I wonder who is out there who has been blogging for ten years or more. I am in contact with no one from my early days of blogging because their blogs have been dead for years and I miss some of them so much.
I am happy to have found new bloggers throughout the years, however, and thank every one of you for taking the time to follow, read, like and comment on my posts. I appreciate you and always enjoy connecting with you.
If you haven’t already, please follow this blog or subscribe via email and
New Issue of Turtle Way Journal
A new issue of Turtle Way, Write into the Light’s online mental health journal, was just published. Check it out here!
Call for Literary and Art Submissions
Turtle Way™ is Write into the Light’s online creative arts magazine showcasing the work of individuals suffering and recovering from mental illness. Its mission is to offer experience, strength and hope to those who are living with mental illnesses.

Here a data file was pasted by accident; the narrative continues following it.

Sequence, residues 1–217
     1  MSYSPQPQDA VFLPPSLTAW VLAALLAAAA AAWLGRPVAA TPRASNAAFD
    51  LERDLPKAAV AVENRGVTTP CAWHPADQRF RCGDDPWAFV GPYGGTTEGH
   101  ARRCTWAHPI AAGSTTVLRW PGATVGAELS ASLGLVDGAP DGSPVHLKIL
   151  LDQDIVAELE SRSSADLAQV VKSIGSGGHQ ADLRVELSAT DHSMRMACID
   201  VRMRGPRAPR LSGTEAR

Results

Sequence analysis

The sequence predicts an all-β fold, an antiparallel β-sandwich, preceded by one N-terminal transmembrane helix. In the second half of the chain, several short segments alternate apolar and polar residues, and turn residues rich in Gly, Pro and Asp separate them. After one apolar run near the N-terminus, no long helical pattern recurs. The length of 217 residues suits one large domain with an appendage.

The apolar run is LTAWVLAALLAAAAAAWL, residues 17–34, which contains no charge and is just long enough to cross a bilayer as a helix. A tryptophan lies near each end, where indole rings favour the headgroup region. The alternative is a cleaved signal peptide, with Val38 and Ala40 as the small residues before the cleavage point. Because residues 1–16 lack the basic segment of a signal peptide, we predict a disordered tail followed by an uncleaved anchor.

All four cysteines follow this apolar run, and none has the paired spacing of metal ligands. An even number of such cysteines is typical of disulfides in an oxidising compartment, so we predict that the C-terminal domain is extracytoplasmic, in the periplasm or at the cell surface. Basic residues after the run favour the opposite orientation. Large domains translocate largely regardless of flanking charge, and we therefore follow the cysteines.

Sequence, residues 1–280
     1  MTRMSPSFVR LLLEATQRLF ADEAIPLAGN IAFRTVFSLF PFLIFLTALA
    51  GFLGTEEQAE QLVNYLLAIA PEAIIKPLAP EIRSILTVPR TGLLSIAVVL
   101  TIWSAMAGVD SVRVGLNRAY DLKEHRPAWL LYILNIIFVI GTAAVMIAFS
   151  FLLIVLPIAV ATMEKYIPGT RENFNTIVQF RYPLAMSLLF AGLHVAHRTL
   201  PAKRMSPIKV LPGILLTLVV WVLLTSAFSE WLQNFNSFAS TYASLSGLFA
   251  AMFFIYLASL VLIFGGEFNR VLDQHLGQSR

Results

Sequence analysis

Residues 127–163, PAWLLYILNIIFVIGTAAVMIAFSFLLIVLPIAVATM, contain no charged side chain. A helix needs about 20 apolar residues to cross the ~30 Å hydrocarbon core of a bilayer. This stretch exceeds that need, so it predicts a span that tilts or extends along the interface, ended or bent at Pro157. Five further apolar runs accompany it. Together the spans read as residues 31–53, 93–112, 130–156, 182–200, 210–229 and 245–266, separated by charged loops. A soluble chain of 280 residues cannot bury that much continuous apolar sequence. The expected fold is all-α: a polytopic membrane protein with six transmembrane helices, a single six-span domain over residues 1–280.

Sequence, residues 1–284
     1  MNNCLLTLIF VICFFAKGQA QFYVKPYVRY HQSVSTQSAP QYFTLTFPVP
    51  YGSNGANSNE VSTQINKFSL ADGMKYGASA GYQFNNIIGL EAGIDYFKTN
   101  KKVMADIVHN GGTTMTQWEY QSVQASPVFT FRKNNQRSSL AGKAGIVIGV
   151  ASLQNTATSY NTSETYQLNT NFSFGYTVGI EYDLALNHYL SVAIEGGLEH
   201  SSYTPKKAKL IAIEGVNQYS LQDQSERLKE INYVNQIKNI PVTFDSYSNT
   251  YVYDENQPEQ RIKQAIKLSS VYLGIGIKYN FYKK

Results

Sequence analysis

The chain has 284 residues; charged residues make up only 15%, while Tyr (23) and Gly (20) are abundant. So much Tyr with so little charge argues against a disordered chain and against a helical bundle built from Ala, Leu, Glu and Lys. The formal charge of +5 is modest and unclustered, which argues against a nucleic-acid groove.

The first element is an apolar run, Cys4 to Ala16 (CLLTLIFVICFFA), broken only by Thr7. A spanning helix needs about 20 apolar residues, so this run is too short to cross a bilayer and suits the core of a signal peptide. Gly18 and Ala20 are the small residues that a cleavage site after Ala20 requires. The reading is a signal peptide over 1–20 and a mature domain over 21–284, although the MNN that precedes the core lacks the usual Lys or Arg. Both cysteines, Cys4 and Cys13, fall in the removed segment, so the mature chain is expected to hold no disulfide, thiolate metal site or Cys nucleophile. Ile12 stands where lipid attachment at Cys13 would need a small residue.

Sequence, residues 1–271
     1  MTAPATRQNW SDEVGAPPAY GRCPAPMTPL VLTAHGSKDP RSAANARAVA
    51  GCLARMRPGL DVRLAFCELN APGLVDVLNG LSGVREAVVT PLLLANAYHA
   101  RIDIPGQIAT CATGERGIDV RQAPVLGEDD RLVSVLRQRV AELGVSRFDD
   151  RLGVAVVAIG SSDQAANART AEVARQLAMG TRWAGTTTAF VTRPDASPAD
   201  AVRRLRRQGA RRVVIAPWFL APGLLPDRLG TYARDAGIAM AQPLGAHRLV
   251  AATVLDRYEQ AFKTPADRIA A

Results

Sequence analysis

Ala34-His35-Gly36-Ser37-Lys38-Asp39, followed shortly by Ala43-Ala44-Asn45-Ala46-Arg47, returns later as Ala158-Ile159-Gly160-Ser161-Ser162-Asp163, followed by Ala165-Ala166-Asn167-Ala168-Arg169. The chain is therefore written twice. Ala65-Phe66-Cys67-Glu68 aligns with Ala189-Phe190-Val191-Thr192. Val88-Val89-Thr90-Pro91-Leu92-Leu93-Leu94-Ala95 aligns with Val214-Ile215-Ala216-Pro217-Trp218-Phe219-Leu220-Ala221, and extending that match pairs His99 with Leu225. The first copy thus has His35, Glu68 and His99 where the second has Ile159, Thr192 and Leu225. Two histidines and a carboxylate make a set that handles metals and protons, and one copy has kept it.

Each issue of Turtle Way™ may include poetry, photography, artwork, and prose (including quotes, meditations, opinion pieces and essays) from individuals with mental illness and/or those who love them.
It has been quite some time since an issue has been published, but I would like to put another one together soon. So, please check out the submission guidelines here if you are interested in being a part of this project.
Poetry and Risperidone
Flash of Depression – a poem
The clock tick tocks,
pounding lines in my face;
breathing yesterdays gone;
inhaling tomorrows soon to be forgotten.
Where do I go
when there’s nothing left to do?
From whom do I receive
my final instructions?
Each second pricks my skin
again and again.
Eternity is my tattoo,
and I writhe in pain.
Disordered Bedtime Thoughts – a poem
I imagine a lead pipe boring into my flesh;
poking holes through my forearm, releasing pressure
from a body filled with tightly wound springs.
These notions float from a subconscious stream,
and hover in the haze under black weeping willows where
the Reaper’s whispers chill my neck.
I feel the flick of his iced tongue behind my ear;
his hand on my bare back, sliding around my waist